Aussies poll against Charles
Most people would support severing their country's constitutional ties with Britain if Prince Charles becomes king, according to survey results published in the Weekend Australian. Result showed 46 percent supported their country becoming a republic, while 34 percent wanted the British monarch to remain head of state. But if Charles -- the first in line for the throne -- replaces his mother Queen Elizabeth II, who turns 80 in April, support for a republic would rise to 52 percent and opposition would slide to 29 percent, the poll said.
■ New Zealand
Injured climber rescued
An Australian mountaineer who fell 100m while climbing on New Zealand's tallest mountain has been plucked to safety by a helicopter, police said yesterday. The 24-year-old man was descending with two companions on Friday from 3,754m Aoraki Mount Cook when he fell, said police Senior Constable Brent Swanson. Fellow climbers summoned help for the man, who was unconscious and suffering head and chest injuries and a broken ankle, Swanson said.
Actress to sue magazine
An actress who sparked outrage by saying Indians should not expect brides to be virgins said on Friday she planned to sue Maxim magazine for publishing a photograph of her face above the body of a scantily dressed woman. Khushboo said the magazine had called her to apologize, which appeared in this month's inaugural Indian edition. The photograph showed a woman in a transparent bra and panties and was stamped with the message "100 percent fake." Khushboo said Maxim's publishers probably thought she was an easy target.
Skinny escapee nabbed
A man who squeezed his way out of jail three days ago after fasting and taking laxatives was caught yesterday while window-shopping in a Sydney mall. Robert Cole, 36, who was serving time for stealing and assault, was being treated in the Long Bay prison hospital when he broke out of jail on Tuesday night. The mentally ill prisoner shed up to 14kg and managed to slip his slimmed-down 56kg frame through the gap between his cell bars and the brickwork, Australian Associated Press reported (AAP). AAP quoted a top prison service official as saying Cole would be sent immediately to another jail where he would spend the coming winter in a maximum security cell.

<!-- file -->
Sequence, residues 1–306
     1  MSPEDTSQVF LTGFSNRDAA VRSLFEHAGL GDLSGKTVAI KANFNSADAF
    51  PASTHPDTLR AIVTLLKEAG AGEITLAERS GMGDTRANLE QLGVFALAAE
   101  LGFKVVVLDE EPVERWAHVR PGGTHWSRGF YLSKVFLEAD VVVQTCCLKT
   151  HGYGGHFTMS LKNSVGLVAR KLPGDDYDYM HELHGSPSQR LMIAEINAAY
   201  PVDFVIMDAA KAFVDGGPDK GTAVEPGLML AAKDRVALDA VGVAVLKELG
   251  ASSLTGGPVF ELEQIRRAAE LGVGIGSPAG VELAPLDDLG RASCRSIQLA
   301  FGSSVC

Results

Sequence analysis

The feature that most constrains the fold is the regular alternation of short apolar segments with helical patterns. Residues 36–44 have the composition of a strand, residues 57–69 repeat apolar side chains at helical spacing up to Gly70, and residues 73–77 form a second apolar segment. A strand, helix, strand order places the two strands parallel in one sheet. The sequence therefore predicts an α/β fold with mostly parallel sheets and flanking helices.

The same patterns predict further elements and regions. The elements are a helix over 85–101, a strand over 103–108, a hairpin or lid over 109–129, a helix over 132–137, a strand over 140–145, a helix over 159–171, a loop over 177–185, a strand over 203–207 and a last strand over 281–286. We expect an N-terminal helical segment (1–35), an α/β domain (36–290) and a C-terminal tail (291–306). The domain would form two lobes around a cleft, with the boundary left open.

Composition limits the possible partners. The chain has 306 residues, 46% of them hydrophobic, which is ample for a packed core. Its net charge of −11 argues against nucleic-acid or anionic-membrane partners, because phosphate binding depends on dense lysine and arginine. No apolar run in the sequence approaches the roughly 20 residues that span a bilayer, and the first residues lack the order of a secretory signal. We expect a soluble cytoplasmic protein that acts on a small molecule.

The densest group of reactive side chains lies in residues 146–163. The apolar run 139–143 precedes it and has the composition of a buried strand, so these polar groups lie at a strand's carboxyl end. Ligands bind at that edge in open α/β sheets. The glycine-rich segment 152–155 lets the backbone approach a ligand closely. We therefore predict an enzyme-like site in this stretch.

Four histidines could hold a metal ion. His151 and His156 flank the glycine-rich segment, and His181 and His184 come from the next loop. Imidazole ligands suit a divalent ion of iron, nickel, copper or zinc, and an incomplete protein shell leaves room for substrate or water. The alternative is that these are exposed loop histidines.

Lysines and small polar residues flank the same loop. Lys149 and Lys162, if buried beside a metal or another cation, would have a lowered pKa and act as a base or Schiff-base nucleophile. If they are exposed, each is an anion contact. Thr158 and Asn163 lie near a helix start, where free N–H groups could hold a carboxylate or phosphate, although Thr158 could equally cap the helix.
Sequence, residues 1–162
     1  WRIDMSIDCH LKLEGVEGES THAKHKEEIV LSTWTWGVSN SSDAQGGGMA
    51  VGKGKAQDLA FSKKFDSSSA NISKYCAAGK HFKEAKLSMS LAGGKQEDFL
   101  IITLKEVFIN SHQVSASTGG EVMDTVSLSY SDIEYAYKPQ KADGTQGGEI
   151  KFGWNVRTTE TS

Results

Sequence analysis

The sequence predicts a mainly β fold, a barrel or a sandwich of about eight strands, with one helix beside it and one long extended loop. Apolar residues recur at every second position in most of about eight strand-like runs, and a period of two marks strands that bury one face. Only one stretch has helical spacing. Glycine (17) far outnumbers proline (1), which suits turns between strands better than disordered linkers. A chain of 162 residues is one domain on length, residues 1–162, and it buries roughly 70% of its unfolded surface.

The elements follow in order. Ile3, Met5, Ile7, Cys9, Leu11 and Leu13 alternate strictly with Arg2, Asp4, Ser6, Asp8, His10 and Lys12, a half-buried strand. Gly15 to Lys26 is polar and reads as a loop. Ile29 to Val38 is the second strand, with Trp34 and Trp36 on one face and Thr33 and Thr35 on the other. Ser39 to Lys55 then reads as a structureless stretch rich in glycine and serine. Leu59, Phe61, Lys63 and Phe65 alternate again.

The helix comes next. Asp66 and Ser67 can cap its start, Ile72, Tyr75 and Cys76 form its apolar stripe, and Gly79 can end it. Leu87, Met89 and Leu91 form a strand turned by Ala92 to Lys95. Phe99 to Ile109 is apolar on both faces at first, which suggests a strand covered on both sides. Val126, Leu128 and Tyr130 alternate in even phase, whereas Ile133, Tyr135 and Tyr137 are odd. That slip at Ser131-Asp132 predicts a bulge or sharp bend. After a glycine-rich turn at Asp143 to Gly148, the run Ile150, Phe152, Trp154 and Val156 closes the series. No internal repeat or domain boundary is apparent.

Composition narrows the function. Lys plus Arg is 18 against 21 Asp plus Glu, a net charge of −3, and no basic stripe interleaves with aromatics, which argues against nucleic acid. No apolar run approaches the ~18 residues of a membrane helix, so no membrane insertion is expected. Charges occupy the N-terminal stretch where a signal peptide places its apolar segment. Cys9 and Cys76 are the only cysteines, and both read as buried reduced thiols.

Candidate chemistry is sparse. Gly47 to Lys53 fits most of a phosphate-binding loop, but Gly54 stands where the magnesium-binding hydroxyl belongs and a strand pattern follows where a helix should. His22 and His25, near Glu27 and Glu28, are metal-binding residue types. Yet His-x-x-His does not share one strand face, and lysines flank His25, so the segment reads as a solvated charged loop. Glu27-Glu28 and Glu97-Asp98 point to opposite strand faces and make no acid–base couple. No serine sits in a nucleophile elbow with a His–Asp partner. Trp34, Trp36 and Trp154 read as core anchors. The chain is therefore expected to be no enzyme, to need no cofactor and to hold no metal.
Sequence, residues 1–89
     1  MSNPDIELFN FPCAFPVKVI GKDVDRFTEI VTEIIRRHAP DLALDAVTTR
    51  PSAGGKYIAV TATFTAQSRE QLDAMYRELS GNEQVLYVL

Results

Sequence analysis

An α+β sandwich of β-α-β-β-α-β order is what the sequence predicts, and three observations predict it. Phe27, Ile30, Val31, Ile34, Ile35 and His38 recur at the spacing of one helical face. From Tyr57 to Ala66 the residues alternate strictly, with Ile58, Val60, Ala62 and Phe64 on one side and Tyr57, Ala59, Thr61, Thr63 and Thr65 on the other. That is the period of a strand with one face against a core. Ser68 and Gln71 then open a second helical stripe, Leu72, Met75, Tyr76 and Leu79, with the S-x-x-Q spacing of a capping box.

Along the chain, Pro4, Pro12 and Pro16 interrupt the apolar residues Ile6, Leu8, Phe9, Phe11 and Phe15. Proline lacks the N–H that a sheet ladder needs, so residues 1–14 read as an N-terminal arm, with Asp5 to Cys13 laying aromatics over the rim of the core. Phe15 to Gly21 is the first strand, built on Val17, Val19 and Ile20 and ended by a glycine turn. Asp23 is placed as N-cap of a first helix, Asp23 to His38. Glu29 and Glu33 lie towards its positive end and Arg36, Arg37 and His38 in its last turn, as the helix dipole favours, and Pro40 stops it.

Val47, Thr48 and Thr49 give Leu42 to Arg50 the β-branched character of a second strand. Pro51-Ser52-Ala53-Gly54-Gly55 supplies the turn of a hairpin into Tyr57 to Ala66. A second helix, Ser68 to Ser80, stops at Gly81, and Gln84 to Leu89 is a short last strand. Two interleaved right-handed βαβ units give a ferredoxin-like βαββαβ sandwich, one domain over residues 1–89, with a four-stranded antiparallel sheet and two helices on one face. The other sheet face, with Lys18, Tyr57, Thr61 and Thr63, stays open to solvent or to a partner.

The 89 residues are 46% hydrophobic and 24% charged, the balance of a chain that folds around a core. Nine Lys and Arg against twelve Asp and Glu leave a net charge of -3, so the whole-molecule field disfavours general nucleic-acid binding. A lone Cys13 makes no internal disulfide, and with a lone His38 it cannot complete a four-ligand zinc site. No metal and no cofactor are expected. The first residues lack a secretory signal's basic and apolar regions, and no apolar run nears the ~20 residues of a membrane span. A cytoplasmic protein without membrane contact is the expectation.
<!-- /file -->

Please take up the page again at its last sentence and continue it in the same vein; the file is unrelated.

Winter weather hits Tokyo
Japan's harshest winter in decades finally caught up to Tokyo yesterday to blanket the capital in its heaviest snowfall for five years, forcing flight cancellations and slowing trains. Although snow can fall in Tokyo once or twice a year, temperatures usually hover above freezing, making significant accumulations rare. As of 3pm, about 7cm of snow had fallen in the Otemachi area of central Tokyo. At Haneda Airport, 82 domestic flights were cancelled, NHK national television said. One runway at Narita International Airport east of Tokyo was closed for about an hour. Roads remained clear in central Tokyo, but some train lines reported delays, while others ran fewer trains.
Lee Kuan Yew wins apology
The Economist has apologized to former prime minister Lee Kuan Yew (李光耀) and has agreed to pay damages for statements in the London-based magazine's obituary on former president Devan Nair. Nair, the country's third president who served from 1981 to 1985, died of heart failure at the age of 82 in Canada on Dec. 7 last year. The apology was in response to a remark Nair had attributed to Lee. According to Nair, in 1981, when Workers' Party leader J.B. Jeyaretnam won a by-election, Lee said he would "make him crawl on his bended knees and beg for mercy."